Using the Right Colours for Children’s Spaces

Design for Children

It is about problem-solving and about improving the quality of life.  Design for children should go beyond durability, ergonomics, safety … even function to also carefully think about materials, aesthetic and sensory qualities. 

Also, the design should consider how children respond to all environmental stimuli (visual, touch, smell, etc.). These stimuli inform and enrich experiences and affect interactions within their environment and with other people. 

After all, children are immersed and engaged with their environments more and connected than adults. They deserve sensorially complex spaces, which inspire many possibilities, enquiries, and adventures.

The attention we pay to designing and decorating an interior and how we resource it has a significant impact on the way children interact with their environment and each other. It also reflects our own image of children and our own expectations of their potential.

Putting the right colours in the right place.

Or… the targeted use of colour applied thoughtfully and harmoniously.  With HABA furniture, we can use natural materials! Natural wood has its depth of colour and complexity due to being natural and growing in the real world – and then we choose to apply colour in the finishes we use.  Water-based, non-toxic colour washes, seal and protect the wood and let the natural wood grain show through, complete with its glorious ‘imperfections’.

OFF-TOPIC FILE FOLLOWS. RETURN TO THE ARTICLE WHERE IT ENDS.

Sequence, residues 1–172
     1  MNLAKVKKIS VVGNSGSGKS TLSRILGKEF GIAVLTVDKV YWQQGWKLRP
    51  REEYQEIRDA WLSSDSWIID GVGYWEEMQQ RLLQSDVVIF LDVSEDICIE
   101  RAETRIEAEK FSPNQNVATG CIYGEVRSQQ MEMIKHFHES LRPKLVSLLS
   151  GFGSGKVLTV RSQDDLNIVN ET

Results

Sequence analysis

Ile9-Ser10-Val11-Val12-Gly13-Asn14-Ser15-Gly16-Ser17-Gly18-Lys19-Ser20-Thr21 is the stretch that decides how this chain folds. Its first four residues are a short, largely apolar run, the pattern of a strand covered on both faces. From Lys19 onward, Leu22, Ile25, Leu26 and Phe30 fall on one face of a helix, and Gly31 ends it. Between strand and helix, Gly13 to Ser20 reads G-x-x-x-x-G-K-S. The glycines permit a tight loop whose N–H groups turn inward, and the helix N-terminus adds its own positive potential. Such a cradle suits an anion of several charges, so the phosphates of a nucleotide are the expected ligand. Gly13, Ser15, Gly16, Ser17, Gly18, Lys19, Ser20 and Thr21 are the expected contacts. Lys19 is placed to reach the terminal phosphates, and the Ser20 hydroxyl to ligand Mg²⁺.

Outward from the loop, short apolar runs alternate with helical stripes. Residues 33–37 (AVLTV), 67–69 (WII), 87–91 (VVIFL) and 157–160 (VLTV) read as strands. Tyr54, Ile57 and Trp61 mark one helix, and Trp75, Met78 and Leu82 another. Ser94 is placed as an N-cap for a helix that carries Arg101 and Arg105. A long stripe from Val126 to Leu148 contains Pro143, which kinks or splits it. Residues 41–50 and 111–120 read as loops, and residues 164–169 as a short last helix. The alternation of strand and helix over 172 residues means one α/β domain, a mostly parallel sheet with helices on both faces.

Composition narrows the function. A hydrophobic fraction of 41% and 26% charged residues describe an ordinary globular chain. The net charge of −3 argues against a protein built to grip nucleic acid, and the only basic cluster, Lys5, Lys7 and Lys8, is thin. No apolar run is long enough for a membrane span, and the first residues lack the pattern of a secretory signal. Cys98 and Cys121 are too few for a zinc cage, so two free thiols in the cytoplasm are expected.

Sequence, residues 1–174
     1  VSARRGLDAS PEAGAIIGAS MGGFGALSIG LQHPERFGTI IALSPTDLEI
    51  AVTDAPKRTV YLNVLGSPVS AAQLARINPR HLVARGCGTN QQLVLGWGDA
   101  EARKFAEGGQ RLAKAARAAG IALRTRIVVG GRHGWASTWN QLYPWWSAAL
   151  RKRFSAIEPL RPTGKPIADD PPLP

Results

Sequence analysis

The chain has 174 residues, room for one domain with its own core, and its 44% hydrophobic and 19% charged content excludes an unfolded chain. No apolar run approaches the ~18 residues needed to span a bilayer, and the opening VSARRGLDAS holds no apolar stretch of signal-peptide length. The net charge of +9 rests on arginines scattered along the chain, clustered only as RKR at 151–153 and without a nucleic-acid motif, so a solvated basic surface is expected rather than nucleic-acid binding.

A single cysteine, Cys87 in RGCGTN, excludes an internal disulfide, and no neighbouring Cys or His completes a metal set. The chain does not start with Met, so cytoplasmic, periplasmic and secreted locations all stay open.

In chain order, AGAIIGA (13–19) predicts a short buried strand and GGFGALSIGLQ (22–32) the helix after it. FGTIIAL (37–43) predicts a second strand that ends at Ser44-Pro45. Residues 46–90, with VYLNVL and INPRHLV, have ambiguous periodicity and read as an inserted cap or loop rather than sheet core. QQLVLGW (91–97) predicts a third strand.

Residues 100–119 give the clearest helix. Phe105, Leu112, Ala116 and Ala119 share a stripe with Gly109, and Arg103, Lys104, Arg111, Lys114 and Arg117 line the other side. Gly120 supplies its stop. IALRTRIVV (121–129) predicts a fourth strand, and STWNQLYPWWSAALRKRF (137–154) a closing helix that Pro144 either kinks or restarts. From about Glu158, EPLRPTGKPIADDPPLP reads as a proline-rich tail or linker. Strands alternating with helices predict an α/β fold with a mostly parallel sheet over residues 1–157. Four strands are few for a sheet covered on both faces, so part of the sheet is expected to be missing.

We can upholster using natural or (carefully sourced and sustainably made) synthetic or recycled materials

Sources of colour can also introduce secondary qualities and complexities. Such as when sunlight passes through a coloured acrylic and creates a backlight and a colour shadow on the floor or wall, changing with sunlight throughout the day.  All of these add to the whole, creating a more engaging space where theories about the world are formulated and tested by children.

What colours are suitable for a children’s space?

The choice of which colour to introduce is about the relationships between colours. About how they work together and complement each other, and the activity that will take place in the room (and how this activity will interact with colour). 

Is it active play or a quieter and more reflective space?  Do the colours of the things we put into the area (for example, the furniture) speak meaningfully to the visible interiors (walls, flooring, finishes)?

The question is not only about which colours but about the intensity and the tone of these colours.  Care should be taken with highly saturated or primary colours. These can overstimulate the senses and, unless carefully integrated into the whole, can distract and overwhelm the room—mainly secondary and tertiary colours. With medium tones, well-balanced and tranquil, well-thought-out complements and contrasts.  The interiors and furnishings are planned together, ideally at the same time.